“Hopefully we are starting the re-education process,” Sharonne Salaam, mother of Yusef Salaam of the Exonerated Five told MN. “And that people who have been exonerated may be looked at as human beings,  people who were innocent of crimes they did not do, people deserving a chance at life.”

Salaam continued, “people can now admit that there is a systemic problem of innocent people going to jail for crimes they did not do.”

Ori, is aligned with this sentiment: “We need to raise our level of consciousness as a society,” Horry said. “We need to evolve. We’ve come a long way, but as long as these types of injustices continue, we need to have continued dialogues and put remedies in place to correct them …. This commemoration prompts that.”

It is of no consequence that ”NYC has the third-highest wrongful conviction rate,” the Bronx Times reported. According to a 2009 report conducted by the The Innocence Project, New York State has led most states in wrongful convictions, following Texas and Illinois.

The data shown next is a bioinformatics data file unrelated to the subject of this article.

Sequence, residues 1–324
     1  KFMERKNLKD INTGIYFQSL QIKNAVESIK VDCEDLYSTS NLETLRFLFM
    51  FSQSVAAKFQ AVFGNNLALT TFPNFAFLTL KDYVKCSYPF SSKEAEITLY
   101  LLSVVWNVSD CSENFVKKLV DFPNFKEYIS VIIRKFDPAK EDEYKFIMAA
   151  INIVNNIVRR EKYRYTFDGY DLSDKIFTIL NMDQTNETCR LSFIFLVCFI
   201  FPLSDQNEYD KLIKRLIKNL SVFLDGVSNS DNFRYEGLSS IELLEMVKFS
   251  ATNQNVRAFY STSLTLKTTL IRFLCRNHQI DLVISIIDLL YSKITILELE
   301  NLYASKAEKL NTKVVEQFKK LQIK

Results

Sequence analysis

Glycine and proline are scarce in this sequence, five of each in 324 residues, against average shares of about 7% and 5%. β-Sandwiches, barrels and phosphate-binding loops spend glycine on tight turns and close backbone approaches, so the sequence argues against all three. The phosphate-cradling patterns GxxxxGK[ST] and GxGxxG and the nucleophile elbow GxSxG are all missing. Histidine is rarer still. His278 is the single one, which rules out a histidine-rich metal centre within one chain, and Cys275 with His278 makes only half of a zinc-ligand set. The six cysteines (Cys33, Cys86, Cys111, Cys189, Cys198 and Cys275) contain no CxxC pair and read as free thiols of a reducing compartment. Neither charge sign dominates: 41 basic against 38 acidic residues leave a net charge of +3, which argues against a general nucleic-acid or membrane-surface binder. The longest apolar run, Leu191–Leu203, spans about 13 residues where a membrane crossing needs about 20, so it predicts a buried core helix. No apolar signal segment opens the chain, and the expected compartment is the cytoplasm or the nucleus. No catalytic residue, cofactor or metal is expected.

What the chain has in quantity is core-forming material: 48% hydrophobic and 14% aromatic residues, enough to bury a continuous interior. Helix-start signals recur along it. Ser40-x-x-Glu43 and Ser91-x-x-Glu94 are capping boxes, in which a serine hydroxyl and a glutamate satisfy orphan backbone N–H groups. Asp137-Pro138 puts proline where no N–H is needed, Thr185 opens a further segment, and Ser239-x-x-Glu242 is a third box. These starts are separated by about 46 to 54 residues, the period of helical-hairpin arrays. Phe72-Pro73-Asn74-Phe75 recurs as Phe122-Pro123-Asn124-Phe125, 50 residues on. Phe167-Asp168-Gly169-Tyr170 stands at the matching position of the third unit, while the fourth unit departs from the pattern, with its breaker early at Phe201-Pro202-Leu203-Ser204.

Currently, 3,340 people have been exonerated over the last 33 years, according to National Registry of Exonerations—costing the innocent a collective total of 28,450 years of their lives.

The Gate Of The Exonerated is a sign of reclamation and recognition of innocence. 

It’s an acknowledgment of the stolen years; unfair trials; racial profiling; and broken homes. 

It’s a reminder of what can be accomplished collectively—but also that there is still work to be done. 

“There’s definitely more to come,” said community activist Prince E. Hunt. “We’re in a season of Emancipation Reclamation.”

The commemoration for the wrongfully incarcerated takes place and the Exonerated Five is open to the public,  and takes place on Monday, December 19 at 11AM EST."